New American Paintings/Blog

Julie Mehretu’s LIMINAL SQUARED at Marian Goodman Gallery by New American Paintings
June 20, 2013, 8:30 am
Filed under: New York, Review | Tags: , , , ,

The artist Julie Mehretu has often commented that “trying to figure out who I am and my work is trying to understand systems.” In a new body of work on view at Marian Goodman Gallery in New York, it is equally her desire to understand systems and their disintegration that becomes the subject of her art. Taking her point of departure from the events of the Arab Spring, Mehretu employs her trademark aesthetic of complex, layered imagery to evoke the topics of political and social change, as well as the civic spaces that became the sites of the recent revolutions and occupations. – Nadiah Fellah, NYC Contributor

Installation View, Marian Goodman Gallery. Image Courtesy Marian Goodman Gallery

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Must See Painting Shows: June by New American Paintings
June 10, 2013, 8:30 am
Filed under: Must-Sees | Tags: , , , ,

Summer is a time when many galleries choose to mount group shows, and beginning in July, dozens of such shows will open throughout the country. This month, however, solo exhibitions dominate the commercial gallery landscape…are there are a lot of good ones in the mix. Among them, are shows by more than two dozen New American Paintings alumi. I am particularly excited about John Zurier at Peter Blum Gallery, Garth Weiser at Casey Kaplan, and Ann Toebbe at Monya Rowe Gallery, all in New York City. And if you live in Chicago, be sure to catch a two-person show featuring 2012 MFA Annual artists Samantha Bittman and Gabriel Pionkowski that opens at Thomas Robertello Gallery on June 14th.

There have been many strong shows by mid-career and mature artists as of late. This month the trend continues. In Houston, one of Chicago’s best-known exports, Judy Ledgerwood, has new work up at Barbara Davis Gallery. Maggi Brown, a longtime presence in Boston’s art scene, is on view at Barbara Krakow Gallery. Los Angeles boasts stellar shows by John Wesley and Gary Simmons, at David Kordansky Gallery and Regen Projects, respectively. In New York City, Wolf Kahn at Ameringer McEnery Yohe, Phillip Taaffe at Luhring Augustine, Betty Woodman at Salon 94, and the aforementioned John Zurier are all well worth a visit.

Also in New Work City, Matthew Marks has dedicated three of his gallery spaces to the work of Ellsworth Kelly, who recently celebrated his 90th birthday. Age does not seem to have slowed Kelly down. The fourteen paintings and two sculptures on view were all executed within the past two years. After seven decades, Kelly continues to rigorously pursue line, color and form.  Enjoy the list! – Steven Zevitas, Publisher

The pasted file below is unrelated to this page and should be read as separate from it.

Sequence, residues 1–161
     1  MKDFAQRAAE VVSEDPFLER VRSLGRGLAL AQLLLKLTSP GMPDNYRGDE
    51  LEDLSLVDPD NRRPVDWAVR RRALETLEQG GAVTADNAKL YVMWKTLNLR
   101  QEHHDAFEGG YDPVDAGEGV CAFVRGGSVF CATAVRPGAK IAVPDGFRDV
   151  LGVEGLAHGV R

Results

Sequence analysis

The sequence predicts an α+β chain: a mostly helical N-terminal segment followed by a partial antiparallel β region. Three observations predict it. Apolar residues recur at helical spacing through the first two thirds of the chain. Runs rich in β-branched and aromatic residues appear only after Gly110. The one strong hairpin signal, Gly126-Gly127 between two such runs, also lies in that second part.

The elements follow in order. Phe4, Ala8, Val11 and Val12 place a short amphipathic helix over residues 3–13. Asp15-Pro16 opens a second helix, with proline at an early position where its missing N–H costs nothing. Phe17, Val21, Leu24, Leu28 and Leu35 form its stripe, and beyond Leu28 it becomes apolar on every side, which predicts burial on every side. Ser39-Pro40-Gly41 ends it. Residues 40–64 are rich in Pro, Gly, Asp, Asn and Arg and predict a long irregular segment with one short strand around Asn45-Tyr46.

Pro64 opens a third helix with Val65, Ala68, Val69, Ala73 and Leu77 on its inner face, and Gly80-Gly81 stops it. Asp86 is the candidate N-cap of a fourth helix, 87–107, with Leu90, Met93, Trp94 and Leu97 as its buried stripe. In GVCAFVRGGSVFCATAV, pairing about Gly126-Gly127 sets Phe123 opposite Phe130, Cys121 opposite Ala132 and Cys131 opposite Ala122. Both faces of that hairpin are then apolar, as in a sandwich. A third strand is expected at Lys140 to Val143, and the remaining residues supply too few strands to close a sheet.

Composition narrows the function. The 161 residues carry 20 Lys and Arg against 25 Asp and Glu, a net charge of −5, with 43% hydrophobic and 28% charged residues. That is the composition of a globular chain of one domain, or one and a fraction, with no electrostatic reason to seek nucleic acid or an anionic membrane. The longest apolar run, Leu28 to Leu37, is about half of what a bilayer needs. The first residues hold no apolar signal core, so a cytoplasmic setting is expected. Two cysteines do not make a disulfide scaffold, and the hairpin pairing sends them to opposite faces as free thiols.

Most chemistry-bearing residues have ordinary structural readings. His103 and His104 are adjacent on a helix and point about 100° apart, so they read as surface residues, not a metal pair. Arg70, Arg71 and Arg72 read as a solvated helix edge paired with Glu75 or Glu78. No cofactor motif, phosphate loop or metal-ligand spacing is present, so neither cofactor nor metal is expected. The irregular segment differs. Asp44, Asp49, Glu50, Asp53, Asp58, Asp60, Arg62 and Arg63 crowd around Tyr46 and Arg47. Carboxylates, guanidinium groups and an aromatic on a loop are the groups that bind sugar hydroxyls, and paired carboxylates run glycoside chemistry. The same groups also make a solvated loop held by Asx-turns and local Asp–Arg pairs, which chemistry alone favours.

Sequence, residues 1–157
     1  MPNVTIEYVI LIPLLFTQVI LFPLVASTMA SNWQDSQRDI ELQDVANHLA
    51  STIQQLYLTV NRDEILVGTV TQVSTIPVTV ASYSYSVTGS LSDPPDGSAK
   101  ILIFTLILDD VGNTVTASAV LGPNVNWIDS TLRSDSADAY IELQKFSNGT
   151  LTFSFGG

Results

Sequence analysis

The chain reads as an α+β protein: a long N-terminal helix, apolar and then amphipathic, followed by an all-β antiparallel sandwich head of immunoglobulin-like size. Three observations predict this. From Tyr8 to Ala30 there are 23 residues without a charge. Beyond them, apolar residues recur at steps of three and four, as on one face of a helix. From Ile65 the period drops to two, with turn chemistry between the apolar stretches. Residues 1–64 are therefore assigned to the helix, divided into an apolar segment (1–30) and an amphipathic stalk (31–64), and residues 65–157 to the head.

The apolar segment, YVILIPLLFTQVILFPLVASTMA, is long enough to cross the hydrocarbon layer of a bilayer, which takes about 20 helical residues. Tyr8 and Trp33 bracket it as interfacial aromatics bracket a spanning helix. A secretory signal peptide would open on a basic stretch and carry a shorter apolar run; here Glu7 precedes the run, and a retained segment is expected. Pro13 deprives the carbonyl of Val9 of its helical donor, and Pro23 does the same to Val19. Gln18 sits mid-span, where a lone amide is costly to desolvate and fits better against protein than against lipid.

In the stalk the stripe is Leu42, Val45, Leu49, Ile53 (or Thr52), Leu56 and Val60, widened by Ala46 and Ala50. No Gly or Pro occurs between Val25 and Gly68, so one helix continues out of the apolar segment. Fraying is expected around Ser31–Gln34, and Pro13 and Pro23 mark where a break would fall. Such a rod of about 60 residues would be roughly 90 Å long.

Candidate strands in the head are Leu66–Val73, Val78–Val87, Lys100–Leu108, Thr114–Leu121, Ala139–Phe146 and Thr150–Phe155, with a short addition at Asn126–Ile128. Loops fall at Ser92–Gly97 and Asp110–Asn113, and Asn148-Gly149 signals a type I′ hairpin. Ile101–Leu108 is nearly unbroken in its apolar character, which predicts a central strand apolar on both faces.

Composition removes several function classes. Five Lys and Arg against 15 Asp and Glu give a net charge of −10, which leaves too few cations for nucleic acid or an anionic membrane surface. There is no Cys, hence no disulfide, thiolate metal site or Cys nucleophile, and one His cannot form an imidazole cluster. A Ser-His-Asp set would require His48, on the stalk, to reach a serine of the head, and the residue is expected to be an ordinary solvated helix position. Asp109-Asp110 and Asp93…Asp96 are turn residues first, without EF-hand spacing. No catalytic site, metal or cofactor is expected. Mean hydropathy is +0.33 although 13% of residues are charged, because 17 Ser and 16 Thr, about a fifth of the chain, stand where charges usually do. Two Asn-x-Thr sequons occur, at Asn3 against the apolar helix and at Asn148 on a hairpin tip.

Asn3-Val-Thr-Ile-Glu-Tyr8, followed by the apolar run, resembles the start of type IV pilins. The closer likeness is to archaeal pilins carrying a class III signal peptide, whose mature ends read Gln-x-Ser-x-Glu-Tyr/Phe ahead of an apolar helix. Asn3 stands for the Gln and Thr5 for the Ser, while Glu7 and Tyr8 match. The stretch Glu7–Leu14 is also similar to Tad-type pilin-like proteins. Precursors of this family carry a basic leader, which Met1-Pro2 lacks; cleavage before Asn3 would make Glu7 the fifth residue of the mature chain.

Ann Toebbe
Ann Toebbe. Courtesy of Monya Rowe Gallery.

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Must See Painting Shows: February by New American Paintings
February 8, 2013, 8:30 am
Filed under: Art World, Must-Sees | Tags: , , , ,

It is, once again, a very strong month for New American Paintings’ alumni with close to thirty solo exhibitions on view around the country. Some of these artists are now well established, such as Amy Cutler, others are early in their careers, such as Ellen Lesperance, who is currently exhibiting her intricate works on paper and objects at Ambach & Rice in Los Angeles.

I have written a lot about the dominance of abstraction over the past few years. This month, first-rate representational painting, and in particular figurative painting, can been seen throughout the country. What is most interesting to me is that a growing number of emerging artists seem to be unabashedly embracing aspects of art history that pre-date the 20th-Century.

In New York, be sure to catch Vera Iliatova’s soon-to-open show at Monya Rowe Gallery and Benjamin Senior’s stunning exhibition at James Fuentes (reference points for Senior include Pierro dell Francesca and Poussin). Both artists are well versed with art history, and both have serious technical chops. In Chicago, Ann Toebbe opens a show at EBERSMOORE next week in which the figure adds a new level of complexity to her already charged interiors. In Los Angeles, be sure to catch the soon-to-close exhibition by NAP alum Travis Collinson at Maloney Fine Art, and Henry Taylor, who will open later this month at Blum & Poe.